Warren Gatland says hugging opponents will be off limits when the British & Irish Lions play their opening game against Japan at Murrayfield on Saturday. The touring squad is anxious to sidestep the Covid-19 self-isolation complications affecting the footballing plans of England and Scotland at the European Championship.
Gatland already has plenty on his plate before Sunday’s flight to an increasingly Covid-stricken South Africa, and could do without any squad members being forced to self-isolate for 10 days just as he is seeking to bring the best players from four nations closer together.
“We’re very, very aware,” said Gatland, who deliberately chose to base his pre-tour camp in Jersey to reduce the risk. “There are two messages there … we’ve got to make sure we really adhere to the protocols and make sure there’s no hugging.”
With infection rates in Gauteng province, where the touring team will initially be based, having soared in the past few days, the odds on a Covid-free Lions tour are increasingly lengthy but, rugby-wise, the expedition is now officially down the slipway with the announcement of the matchday 23 for the curtain-raiser against the Brave Blossoms.
The game has yet to be granted official Test status – a final decision is not due to be made until after the tour – but it promises to be a big deal for those involved, not least the four Scots named in a starting XV which, for various reasons, does not contain an Englishman. Alun Wyn Jones will lead a side containing 10 first-time Lions, with Rory Sutherland, Zander Fagerson, Hamish Watson and Duhan van der Merwe hoping to make an impact in familiar surroundings.
Wales’s Josh Adams and Ireland’s Bundee Aki, Tadhg Beirne and Jack Conan will also be making their first Lions starts, with the prop Wyn Jones and Scotland ’s Ali Price ready to make debuts as replacements. The only English representation is on the bench where the Saracens pair Jamie George and Owen Farrell – who arrived on Monday – are joined by Northampton’s Courtney Lawes and Anthony Watson of Bath.
To some extent Gatland’s selectorial hand was forced, given the late arrival of the Saracens contingent, the continuing absence of the four Exeter players involved in the Premiership final on Saturday and the slight ankle tweak that has delayed Finn Russell’s introduction to the fray. On the plus side the management have taken the opportunity to field a couple of familiar combinations, not least at half-back and in midfield, and have been quietly encouraged by much of what they have seen on the training field.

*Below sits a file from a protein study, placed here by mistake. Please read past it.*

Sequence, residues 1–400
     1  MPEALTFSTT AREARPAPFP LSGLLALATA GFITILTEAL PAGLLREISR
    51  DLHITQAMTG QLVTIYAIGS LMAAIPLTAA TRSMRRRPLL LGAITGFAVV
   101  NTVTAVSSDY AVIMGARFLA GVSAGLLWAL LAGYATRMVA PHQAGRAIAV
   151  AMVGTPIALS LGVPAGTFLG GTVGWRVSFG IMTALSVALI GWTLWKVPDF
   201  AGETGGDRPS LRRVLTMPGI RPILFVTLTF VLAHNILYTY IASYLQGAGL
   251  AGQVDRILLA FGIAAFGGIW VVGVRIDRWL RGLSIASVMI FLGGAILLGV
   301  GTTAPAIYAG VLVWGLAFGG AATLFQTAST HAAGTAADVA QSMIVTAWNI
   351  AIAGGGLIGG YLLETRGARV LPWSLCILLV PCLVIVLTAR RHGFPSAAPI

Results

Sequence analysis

At first glance, Gatland has enjoyed the energy of the Saracens posse, suggesting Elliot Daly had looked particularly sharp and that Owen Farrell’s leadership qualities would be a key addition, regardless of England’s Six Nations underachievement and Saracens having spent recent months in the Championship.
“A lot was made of the Six Nations and them looking underdone, it’s probably a fair enough criticism,” said Gatland. “But we’ve got time together … if anyone is a little short we feel we can get them up to speed. They were up at 7 o’clock this morning doing altitude training so they’ve had a pretty full day already.”
Farrell has been voted on to the tour leadership group – he polled more votes from squad members than anyone else – but Gatland was swift to reject any notion his Test 23 is set in stone. “We are not fixed in our thoughts, we haven’t got any preconceived ideas about the Test side at the moment. We are giving everyone an opportunity and want to see who makes a real impression.
“Someone is going to come through that a lot of people might not expect. That’s the exciting part from the coaching aspect.”
The impact of the turnover specialist Beirne on the blindside flank and the early form of the Scottish props Sutherland and Fagerson, accordingly, will be closely monitored even if Japan’s preference for a high-tempo, nimble game will hardly mirror the hulking, forward-oriented threat posed by the Boks..
As far as Gatland is concerned, though, Japan should not be idly dismissed. “We are playing an international side so we are playing a Test match. Those sort of decisions are out of my hands and are for the board to make. But I can tell you, we are preparing to play a quality international team and we thoroughly respect them – they made the World Cup quarter-final.”
Manu Tuilagi has pulled out of England’s summer Test squad after picking up a knock playing for Sale against Exeter in the Premiership semi-final on Saturday. He has been replaced by Northampton’s Fraser Dingwall.